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Fabian Akilles: The Opportunist.

September 5, 2012

Text and images by Michael Bucher.

For many across the country, the Great Recession has had a profound negative impact. But for musician Fabian Thompson, it has been a period of artistic metamorphosis that transformed his sound and led to an exciting new venture in a startup record label.

Thompson had been performing as Akilles, a hip-hop artist in the same vein as Mos Def, Black Thought and Pharoahe Monch. Then, in 2009, he lost his day job as a public school teacher in Philadelphia. “I was really, really, low on shit,” remembers Thompson. He went home that day and wrote a song that eventually became the single “Comb My Hair,” a soulful song about shattered innocence.

Thompson found work as an assistant engineer at Larry Gold’s recording studio, where his college friend Ricky Friedrich worked as an engineer. Thompson began working with artists like Kid Cudi, Jill Scott and Dice Raw, and he frequently saw The Roots, who have studio space there. “It’s not the most money I ever made but it’s definitely the most important for artist development,” says Thompson.

As he started questioning his image as a non-native Philadelphian performing in the shadows of one of the biggest hip-hop bands in the world, Thompson started exploring his family’s Jamaican and Barbadian heritage.

“Ever since then, I’ve been on this lean where I’m just blending reggae-singer-man, soul and hip-hop,” he says.

To reflect his new artistic pursuit, Akilles became Fabian Akilles and released his debut album, Evil Round That Corner, in May. The seven-song album released on Friedrich’s startup label, Bold New Breed, focuses on issues of greed and self-indulgence.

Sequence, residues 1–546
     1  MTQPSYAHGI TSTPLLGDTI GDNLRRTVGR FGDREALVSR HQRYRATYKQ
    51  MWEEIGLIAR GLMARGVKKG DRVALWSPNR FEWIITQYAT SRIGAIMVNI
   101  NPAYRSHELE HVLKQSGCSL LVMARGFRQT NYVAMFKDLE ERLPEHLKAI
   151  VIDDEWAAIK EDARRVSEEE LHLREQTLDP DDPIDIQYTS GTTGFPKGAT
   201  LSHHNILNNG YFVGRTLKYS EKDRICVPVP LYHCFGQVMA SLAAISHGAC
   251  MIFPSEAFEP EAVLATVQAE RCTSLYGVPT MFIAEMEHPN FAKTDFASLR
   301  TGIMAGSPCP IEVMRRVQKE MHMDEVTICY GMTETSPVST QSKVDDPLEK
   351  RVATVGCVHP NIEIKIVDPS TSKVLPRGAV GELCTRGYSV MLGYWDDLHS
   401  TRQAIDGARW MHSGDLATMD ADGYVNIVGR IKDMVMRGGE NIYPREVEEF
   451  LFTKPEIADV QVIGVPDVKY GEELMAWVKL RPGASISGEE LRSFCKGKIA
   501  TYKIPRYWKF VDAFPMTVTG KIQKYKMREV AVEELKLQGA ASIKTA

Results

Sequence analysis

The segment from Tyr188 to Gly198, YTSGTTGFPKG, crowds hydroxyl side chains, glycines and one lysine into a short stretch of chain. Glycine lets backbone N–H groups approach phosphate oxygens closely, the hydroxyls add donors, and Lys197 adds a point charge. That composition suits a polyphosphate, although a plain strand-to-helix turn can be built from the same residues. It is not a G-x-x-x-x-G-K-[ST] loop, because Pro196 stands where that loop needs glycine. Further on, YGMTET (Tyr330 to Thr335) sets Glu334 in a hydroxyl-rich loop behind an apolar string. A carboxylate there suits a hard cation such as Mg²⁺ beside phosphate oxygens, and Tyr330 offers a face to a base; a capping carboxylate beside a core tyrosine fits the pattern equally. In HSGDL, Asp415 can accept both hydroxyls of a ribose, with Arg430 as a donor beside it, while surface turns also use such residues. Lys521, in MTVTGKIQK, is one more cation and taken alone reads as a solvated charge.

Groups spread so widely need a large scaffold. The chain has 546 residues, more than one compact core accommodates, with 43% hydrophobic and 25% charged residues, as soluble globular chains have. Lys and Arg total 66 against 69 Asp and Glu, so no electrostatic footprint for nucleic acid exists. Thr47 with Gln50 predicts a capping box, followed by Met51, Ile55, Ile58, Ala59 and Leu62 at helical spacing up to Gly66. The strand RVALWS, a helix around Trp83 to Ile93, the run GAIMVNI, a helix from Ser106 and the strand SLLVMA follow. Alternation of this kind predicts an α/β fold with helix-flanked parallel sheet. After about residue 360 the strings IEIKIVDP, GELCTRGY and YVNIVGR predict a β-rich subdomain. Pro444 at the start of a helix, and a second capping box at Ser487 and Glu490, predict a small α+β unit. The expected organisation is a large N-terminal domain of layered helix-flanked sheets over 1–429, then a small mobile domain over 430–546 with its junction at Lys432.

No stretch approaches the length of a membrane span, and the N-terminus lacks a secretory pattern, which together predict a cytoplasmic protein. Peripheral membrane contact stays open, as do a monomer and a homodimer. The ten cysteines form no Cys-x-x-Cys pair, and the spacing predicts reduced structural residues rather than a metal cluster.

“It turned into this critique on why life is so difficult for certain people and not for others,” says Thompson.

In the song “Money,” Thompson speaks of the shortfalls of consumer culture with lyrics like, “Seems like everything I want, they can sell me. But when it comes to what I need, they can’t help me.” The driving drum beats and catchy choruses inspire an urge to groove along.

Thompson spent the better part of his summer doing demolition work in a sweltering, 6,000-square foot Fishtown commercial building that is being renovated to house Friedrich’s Bold New Breed label. Both Friedrich and Thompson hold management positions in the company. Friedrich, performing as Ricky Radio, Thompson and Dewey Saunders, aka Dewey Decibel, are the only artists now but they are eager to expand.

They predict the space will open in September and be fully operational by early 2013 with a recording studio, space for video shoots, multimedia editing capabilities, lounge and a stage to host shows.

“Bold New Breed’s goal is to change Philly into a commercial hub where people come down and know they’re gonna get the talent,” Thompson says.

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